Can alpine birds deal with extreme weather?
Little is known about songbirds that breed in alpine habitats. ECCC researchers set out to learn about how they adapt to extreme weather conditions.
A University of British Columbia (UBC) research team led by Devin R. de Zwaan, and ECCC scientists Kathy Martin and Alaine Camfield studied the factors influencing chick development in songbirds. Their article, “Variation in off-spring development is driven more by weather and maternal condition than predation risk,” was recently published in the journal Functional Ecology.
In order to understand how birds breeding at high elevations adapt to highly variable climatic conditions (subzero to 40+ degrees), the researchers focused on the horned lark, a declining songbird that breeds in the mountains of Northern British Columbia. In order to breed successfully in habitats with very short breeding seasons and extreme weather events birds need to be resilient. Understanding the strategies that alpine birds use to survive and reproduce in these high mountain habitats may help us identify ways that animals can adapt to climate change.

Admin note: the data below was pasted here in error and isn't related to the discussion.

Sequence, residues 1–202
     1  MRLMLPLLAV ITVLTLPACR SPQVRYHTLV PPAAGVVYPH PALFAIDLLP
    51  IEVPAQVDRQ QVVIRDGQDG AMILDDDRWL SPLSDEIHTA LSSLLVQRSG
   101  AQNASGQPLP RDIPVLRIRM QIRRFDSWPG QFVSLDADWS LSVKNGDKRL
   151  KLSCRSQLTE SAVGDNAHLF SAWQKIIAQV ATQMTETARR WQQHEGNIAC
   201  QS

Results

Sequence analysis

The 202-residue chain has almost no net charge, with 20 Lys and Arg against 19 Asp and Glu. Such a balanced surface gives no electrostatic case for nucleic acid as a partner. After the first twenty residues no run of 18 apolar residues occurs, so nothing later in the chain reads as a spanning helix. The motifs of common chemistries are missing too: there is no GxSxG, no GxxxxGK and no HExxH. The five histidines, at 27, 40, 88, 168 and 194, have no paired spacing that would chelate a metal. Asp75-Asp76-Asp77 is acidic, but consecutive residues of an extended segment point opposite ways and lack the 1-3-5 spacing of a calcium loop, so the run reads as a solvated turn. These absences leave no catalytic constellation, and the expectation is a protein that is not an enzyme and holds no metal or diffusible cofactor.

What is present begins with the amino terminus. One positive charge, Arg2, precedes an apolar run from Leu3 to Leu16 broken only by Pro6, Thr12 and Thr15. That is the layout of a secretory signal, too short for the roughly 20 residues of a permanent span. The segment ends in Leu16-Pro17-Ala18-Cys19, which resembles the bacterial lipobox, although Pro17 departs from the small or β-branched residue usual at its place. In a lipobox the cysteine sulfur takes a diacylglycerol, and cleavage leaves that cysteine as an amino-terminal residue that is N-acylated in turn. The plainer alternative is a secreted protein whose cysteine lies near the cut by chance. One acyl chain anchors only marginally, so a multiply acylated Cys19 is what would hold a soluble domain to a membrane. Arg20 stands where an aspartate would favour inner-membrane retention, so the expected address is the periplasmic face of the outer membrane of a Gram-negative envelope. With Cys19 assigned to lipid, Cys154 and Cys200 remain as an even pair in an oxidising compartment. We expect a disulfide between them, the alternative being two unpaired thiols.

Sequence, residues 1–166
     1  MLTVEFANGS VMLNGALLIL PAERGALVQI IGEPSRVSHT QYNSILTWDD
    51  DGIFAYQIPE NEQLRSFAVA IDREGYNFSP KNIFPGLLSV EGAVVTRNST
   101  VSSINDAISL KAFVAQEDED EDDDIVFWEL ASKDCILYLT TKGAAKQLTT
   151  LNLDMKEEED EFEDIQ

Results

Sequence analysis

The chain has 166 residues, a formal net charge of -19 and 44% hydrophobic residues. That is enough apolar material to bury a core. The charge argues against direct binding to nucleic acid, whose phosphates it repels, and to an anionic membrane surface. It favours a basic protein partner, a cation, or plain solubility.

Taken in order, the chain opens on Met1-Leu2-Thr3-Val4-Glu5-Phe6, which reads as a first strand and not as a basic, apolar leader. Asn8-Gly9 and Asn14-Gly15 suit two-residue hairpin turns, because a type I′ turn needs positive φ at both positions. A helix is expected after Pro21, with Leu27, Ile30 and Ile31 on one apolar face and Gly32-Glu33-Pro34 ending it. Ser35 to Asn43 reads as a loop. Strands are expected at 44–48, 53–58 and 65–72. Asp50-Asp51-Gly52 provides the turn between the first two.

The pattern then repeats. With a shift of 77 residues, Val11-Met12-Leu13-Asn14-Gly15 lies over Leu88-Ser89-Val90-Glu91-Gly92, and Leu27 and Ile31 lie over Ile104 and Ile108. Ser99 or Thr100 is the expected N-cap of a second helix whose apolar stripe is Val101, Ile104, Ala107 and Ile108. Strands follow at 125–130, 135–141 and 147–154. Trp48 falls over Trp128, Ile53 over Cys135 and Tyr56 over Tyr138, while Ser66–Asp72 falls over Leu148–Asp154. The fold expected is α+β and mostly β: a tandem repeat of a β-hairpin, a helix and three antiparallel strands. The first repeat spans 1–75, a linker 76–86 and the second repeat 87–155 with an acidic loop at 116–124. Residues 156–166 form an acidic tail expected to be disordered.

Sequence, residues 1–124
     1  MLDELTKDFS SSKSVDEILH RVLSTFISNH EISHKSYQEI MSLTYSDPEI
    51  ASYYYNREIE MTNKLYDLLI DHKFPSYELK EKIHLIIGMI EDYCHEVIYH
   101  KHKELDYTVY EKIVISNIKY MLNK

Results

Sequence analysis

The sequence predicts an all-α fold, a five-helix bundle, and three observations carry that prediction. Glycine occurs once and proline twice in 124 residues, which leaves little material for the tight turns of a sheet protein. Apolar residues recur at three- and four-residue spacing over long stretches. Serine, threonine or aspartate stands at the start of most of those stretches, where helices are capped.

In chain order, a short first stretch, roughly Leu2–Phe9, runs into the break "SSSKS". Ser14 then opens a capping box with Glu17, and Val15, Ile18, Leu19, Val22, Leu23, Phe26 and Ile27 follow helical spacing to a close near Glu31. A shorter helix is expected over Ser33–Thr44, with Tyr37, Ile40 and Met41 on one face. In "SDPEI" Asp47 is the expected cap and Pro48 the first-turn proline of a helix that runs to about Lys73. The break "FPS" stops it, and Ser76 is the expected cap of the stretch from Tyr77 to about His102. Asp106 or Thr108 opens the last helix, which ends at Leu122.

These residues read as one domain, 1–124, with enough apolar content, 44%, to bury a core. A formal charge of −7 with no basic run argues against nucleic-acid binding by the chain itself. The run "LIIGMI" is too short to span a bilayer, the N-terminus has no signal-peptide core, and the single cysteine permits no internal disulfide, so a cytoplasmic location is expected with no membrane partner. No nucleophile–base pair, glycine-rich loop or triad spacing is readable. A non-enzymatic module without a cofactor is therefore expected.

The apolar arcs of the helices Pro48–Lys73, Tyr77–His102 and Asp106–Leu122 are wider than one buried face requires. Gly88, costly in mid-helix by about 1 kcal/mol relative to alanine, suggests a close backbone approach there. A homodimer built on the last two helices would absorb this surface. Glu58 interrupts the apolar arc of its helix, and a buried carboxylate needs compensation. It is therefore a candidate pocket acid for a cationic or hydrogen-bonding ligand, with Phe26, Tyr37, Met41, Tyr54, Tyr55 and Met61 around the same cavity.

One adaptation to highly variable environments is for birds to have flexible nesting strategies. Horned larks are excellent example of this strategy, as their chicks may leave the nest in as little as seven days, or as long as 13 days. In many species of birds, the length of the breeding period is determined by the relative risk of predation at each stage. However, this study shows that in alpine breeding birds, extreme weather and the ability of the parent birds to buffer the eggs and young predict the length of the breeding period.
“This is a unique finding since in most ecosystems predation is the main driver of incubation and nestling periods,” said Camfield.
Colder temperatures tend to increase the period of incubation and reduce chick growth rates. This forces females to trade-off between tending the nest or feeding their young, decisions that can impact both chick growth and future female survival.
“These birds are very good at dealing with storms but if the storms are cold, nests are much more likely to fail,” says Martin. “Horned Larks also can not handle long periods without some kind of sustenance and if there’s a multi-day storm, food becomes less available.”
This study has shown how changes in weather might affect populations of Horned Larks, but in order to conserve this declining population we also need to understand impacts over the annual cycle. De Zwaan and his team have used geo-locators to track the migration route of the larks to their wintering grounds in order to understand potential impacts in these habitats on their subsequent breeding success.
Martin says understanding their migration path each winter can provide more information about how winter conditions could influence maternal conditions for the following breeding season.
“It’s another important piece of the puzzle for the life cycle of this small but hardy songbird.”
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